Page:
There are two main types of UV rays and sunlight contains a mix of both, according to the Skin Cancer Foundation. UVA rays are less intense but more prevalent than UVB rays. They penetrate the skin deeply, causing DNA damage and premature aging (think: sun spots and wrinkles). UVB rays, on the other hand, are the main cause of sunburn. Both play a role in the development of skin cancer.

When you don’t wear protective clothing or skimp on SPF, this UV radiation can wreak havoc on your skin cells. (In fact, just one or two blistering sunburns—or five non-blistering sunburns—can double your lifetime risk of melanoma, the deadliest form of skin cancer.) As a result, your body goes into damage control mode by trying to shed them. Hello, peeling skin.

How long does it take to peel after a sunburn?

It can take anywhere from three days to a week for peeling to start after a sunburn. The full process can last up to two weeks. As tempting as those flakes may be, do not pick or pull at them. “Peeling the skin can be gratifying as you see the flakes disappear—very much like the satisfaction people get from picking pimples,” explains Dr. Zeichner. “But it can further disrupt the skin barrier, leading to open, raw skin and increasing your risk of an infection.” Similarly, if blisters develop, do not pop them. It’s your skin’s way of protecting itself until it heals.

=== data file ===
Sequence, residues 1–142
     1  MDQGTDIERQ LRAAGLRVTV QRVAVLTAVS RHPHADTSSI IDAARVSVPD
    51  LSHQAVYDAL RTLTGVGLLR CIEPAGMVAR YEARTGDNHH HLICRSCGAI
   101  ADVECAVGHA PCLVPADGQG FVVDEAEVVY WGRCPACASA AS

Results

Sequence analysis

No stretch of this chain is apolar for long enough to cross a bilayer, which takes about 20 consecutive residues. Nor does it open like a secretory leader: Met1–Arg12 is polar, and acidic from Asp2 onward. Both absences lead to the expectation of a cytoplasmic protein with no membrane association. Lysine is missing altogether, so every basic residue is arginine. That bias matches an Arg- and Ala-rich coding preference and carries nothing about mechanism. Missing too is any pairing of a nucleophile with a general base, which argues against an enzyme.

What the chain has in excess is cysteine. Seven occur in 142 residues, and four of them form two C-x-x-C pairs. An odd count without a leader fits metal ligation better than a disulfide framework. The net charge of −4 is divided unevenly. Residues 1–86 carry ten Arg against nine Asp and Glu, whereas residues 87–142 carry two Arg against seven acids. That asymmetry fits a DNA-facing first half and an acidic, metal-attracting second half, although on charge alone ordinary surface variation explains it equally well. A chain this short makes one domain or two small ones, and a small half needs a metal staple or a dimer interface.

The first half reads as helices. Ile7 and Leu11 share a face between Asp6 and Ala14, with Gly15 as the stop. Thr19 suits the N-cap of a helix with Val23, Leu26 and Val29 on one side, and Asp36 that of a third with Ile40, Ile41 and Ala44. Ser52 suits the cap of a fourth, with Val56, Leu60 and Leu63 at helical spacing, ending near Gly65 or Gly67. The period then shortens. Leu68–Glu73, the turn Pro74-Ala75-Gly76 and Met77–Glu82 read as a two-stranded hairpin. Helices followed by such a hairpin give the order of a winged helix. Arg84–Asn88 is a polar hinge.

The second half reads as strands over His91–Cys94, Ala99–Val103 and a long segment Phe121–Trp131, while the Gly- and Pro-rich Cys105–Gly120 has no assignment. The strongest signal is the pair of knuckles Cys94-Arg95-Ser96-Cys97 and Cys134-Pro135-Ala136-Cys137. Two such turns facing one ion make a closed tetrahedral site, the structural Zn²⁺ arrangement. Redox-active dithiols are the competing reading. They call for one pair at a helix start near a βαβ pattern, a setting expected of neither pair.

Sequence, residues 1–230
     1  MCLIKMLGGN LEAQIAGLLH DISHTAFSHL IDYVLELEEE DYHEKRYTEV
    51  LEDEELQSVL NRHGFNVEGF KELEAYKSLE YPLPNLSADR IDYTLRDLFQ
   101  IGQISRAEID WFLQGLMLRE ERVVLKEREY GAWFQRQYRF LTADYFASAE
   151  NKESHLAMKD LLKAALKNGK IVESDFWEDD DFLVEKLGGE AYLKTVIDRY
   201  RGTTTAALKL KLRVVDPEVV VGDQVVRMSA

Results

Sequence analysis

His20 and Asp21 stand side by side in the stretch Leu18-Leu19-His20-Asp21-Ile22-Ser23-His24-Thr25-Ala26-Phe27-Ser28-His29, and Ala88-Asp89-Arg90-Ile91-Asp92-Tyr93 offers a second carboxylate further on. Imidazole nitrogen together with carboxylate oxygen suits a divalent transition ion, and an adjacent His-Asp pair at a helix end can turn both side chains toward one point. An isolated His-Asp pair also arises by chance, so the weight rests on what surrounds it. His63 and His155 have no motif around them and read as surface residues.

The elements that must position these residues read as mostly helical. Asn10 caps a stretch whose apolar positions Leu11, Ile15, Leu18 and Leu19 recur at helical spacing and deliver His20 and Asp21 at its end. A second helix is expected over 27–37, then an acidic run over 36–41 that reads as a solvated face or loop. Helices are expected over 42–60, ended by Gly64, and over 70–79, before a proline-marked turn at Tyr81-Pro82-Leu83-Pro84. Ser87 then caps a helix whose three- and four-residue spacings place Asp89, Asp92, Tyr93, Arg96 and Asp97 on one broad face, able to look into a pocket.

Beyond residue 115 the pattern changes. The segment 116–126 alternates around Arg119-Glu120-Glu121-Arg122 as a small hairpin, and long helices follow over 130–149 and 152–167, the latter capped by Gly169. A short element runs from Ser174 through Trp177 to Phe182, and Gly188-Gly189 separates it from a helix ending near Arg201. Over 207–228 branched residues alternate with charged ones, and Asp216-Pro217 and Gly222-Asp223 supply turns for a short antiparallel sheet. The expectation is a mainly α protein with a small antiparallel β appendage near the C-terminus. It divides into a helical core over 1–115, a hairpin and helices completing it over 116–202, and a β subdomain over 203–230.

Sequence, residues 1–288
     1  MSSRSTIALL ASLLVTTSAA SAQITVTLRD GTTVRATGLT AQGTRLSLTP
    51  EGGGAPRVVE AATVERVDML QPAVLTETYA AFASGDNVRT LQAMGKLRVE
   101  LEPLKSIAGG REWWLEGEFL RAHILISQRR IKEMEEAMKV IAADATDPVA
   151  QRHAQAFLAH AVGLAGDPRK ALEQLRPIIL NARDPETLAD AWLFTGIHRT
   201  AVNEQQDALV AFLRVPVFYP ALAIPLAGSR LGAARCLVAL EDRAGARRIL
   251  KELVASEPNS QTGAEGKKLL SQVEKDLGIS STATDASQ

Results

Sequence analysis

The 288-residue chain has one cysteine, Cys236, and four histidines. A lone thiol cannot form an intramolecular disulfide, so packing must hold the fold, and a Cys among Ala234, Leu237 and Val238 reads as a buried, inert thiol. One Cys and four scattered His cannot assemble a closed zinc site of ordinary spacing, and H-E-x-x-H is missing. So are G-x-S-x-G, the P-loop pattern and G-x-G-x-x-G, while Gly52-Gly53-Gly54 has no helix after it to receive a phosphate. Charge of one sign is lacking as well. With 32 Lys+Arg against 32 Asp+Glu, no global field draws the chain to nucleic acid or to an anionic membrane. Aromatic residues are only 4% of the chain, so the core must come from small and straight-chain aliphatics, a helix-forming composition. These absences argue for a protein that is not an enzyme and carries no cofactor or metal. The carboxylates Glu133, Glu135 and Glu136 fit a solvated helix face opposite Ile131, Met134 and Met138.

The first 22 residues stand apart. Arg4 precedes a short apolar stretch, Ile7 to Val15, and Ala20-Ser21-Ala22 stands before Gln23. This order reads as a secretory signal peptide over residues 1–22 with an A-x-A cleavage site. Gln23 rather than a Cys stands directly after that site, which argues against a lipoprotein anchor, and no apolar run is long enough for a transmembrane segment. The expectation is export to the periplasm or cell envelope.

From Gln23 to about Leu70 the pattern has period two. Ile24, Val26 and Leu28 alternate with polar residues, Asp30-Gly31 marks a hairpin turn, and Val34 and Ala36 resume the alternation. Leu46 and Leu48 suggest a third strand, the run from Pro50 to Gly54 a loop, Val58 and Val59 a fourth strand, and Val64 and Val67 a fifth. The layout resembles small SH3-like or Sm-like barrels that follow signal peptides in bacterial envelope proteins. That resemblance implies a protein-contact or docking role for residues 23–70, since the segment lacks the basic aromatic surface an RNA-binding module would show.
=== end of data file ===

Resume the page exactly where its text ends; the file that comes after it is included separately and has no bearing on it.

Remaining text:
How to get rid of sunburn peeling fast

Once the damage is done, you can’t totally stop peeling from happening. However, you can help nourish and heal the healthy skin underneath.

“Keeping skin hydrated and protected can minimize the amount of noticeable dead skin. It will also minimize the itch and irritation,” says Samantha Conrad, M.D., board-certified dermatologist at Northwestern Memorial Hospital in Chicago. That means loading up on plenty of water and keeping your skin as moisturized as possible.